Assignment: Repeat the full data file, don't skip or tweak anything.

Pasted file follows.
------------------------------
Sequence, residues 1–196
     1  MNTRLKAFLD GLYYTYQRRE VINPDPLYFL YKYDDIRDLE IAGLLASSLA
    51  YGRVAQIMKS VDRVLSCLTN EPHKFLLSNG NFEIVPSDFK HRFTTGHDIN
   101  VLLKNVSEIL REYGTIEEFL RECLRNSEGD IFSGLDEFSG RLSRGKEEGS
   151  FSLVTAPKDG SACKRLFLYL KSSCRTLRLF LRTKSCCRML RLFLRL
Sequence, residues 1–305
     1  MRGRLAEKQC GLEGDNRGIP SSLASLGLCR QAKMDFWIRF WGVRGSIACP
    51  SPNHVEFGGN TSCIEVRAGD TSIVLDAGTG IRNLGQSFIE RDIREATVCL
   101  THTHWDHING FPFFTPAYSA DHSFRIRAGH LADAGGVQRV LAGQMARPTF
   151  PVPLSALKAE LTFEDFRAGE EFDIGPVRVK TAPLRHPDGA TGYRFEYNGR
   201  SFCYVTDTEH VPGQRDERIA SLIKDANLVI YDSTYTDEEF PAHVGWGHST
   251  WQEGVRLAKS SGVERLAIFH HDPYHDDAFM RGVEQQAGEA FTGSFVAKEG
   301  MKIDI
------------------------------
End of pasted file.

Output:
Sequence, residues 1–196
     1  MNTRLKAFLD GLYYTYQRRE VINPDPLYFL YKYDDIRDLE IAGLLASSLA
    51  YGRVAQIMKS VDRVLSCLTN EPHKFLLSNG NFEIVPSDFK HRFTTGHDIN
   101  VLLKNVSEIL REYGTIEEFL RECLRNSEGD IFSGLDEFSG RLSRGKEEGS
   151  FSLVTAPKDG SACKRLFLYL KSSCRTLRLF LRTKSCCRML RLFLRL
Sequence, residues 1–305
     1  MRGRLAEKQC GLEGDNRGIP SSLASLGLCR QAKMDFWIRF WGVRGSIACP
    51  SPNHVEFGGN TSCIEVRAGD TSIVLDAGTG IRNLGQSFIE RDIREATVCL
   101  THTHWDHING FPFFTPAYSA DHSFRIRAGH LADAGGVQRV LAGQMARPTF
   151  PVPLSALKAE LTFEDFRAGE EFDIGPVRVK TAPLRHPDGA TGYRFEYNGR
   201  SFCYVTDTEH VPGQRDERIA SLIKDANLVI YDSTYTDEEF PAHVGWGHST
   251  WQEGVRLAKS SGVERLAIFH HDPYHDDAFM RGVEQQAGEA FTGSFVAKEG
   301  MKIDI